We discussed how writing – as well as talk – is a way of socially constructing and reconstructing ‘knowledge’. At the same time as teaching powerful writing conventions, it is important to address the plurality of cultures and to nurture new voices. An accommodating environment is not only richer and more just, but its inclusivity strengthens thinking and learning.
Writing in schools, however, is subject to imposed limits, pressures and controls (cf Raymond Williams: Culture and Society 1961). By understanding these from the inside - by writing - teachers are better placed to own their own practice, and to negotiate and advocate on behalf of pupils and peers.
Through stories, witness is preserved, truths are told, and, crucially, it is in stories that issues become grounded and peopled. We write to revisit, record and ‘realise’ our feelings and our emerging understandings, to pose questions and to imagine better futures. As we write we make sense of experience and can hold it open for analysis.
Writing also educates interpersonally – between us , as we attend to others’ writing and as they attend to ours - and as our discussion ‘circles’ and ‘holds’ images, phrases and formulations of greatest power and resonance.
Writing has always preserved thoughts for wider and later scrutiny, but now the speed with which it can be shared globally, increases the scope and power of its practitioners and participants.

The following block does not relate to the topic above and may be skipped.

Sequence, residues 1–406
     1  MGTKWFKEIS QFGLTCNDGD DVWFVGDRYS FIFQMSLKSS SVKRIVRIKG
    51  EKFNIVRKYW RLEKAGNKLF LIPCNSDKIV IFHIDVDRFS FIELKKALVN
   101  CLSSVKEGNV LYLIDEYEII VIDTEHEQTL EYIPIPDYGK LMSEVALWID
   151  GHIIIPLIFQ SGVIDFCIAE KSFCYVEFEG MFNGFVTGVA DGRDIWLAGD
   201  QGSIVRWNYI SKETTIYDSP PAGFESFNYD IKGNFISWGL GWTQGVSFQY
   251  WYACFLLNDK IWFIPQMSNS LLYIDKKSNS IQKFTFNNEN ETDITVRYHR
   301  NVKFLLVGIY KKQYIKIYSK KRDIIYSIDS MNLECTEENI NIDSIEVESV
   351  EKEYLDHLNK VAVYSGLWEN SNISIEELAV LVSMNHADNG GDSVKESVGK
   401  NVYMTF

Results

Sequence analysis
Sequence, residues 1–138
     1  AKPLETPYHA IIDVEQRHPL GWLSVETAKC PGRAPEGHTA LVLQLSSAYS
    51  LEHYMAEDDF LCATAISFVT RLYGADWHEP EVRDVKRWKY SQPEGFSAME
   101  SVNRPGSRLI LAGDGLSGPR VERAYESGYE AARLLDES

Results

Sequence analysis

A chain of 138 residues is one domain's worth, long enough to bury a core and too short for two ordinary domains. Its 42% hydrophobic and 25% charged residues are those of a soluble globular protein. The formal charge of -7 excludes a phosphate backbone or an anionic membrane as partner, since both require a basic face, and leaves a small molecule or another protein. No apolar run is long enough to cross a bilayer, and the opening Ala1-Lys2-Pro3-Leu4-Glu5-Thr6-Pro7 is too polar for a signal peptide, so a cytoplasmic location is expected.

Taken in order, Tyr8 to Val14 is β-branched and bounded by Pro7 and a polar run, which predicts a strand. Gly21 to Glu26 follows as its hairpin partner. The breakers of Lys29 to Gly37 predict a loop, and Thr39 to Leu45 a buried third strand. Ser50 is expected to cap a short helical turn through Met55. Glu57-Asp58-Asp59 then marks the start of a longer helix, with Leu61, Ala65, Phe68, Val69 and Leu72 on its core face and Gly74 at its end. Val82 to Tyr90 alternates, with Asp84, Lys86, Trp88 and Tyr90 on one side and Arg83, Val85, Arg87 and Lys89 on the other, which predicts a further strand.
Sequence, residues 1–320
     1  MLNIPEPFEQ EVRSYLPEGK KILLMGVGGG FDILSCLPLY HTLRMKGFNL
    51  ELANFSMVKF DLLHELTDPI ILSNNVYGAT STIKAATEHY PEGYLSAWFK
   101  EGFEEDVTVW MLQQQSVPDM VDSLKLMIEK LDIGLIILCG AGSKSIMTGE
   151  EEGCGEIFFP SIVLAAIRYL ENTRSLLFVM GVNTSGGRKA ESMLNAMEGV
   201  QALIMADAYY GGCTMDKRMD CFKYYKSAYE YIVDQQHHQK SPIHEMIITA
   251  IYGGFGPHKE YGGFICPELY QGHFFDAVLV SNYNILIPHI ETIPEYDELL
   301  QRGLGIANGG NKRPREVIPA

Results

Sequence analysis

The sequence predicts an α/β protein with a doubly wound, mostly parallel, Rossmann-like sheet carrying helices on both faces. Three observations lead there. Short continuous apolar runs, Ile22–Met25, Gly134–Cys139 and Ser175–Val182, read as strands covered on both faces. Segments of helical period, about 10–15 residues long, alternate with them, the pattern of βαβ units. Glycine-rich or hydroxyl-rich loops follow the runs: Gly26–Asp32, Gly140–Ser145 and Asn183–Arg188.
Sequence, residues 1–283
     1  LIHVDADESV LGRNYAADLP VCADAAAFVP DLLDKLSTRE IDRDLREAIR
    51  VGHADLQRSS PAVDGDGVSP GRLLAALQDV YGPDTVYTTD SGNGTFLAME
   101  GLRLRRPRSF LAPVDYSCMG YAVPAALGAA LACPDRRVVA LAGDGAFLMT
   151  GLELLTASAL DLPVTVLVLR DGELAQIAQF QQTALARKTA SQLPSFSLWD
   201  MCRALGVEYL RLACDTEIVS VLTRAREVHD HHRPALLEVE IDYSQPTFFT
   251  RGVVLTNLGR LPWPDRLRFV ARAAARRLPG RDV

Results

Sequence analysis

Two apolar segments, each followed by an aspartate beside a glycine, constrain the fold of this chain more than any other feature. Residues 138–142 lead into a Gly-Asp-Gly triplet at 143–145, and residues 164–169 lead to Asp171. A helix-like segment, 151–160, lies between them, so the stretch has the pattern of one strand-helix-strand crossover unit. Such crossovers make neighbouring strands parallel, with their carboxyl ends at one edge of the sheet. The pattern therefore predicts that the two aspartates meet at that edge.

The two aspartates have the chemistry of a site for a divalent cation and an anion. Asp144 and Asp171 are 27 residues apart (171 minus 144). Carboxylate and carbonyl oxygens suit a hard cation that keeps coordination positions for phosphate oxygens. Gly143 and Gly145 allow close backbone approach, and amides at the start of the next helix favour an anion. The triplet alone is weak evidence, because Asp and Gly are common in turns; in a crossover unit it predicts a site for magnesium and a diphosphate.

We are starting to gather observations from writing teachers in different countries, and discovering to what extent some of these wider ‘affordances’ of writing may be promoted and practised, taught and learnt in different jurisdictions. We will report on progress in future blogs.
On April 28th two of the 21 NWP groups met in London – at the Tate Modern and at the Wellcome Collection. On May 12th three other NWP groups met in Wembley, Milton Keynes and Bedford. At the groups I attended, teachers wrote together, inventing and exploring linguistic and cultural conundrums – such as ...
- those aches of synaesthesia – the glimmers of hope, the fragrance of remembered song, the yellow sound of roses …
- the slipperiness of common parlance - ‘when a ‘little chat’ is not just a little chat’
- the effect of words from frequent combinations, like‘blithering’, on their own without their following ‘idiot’
- that pervading and debilitating culture of blame (‘It had to be someone’s fault, was it hers?’)
- and the many different ways there are of saying ‘no’.
Simon Wrigley, NWP outreach director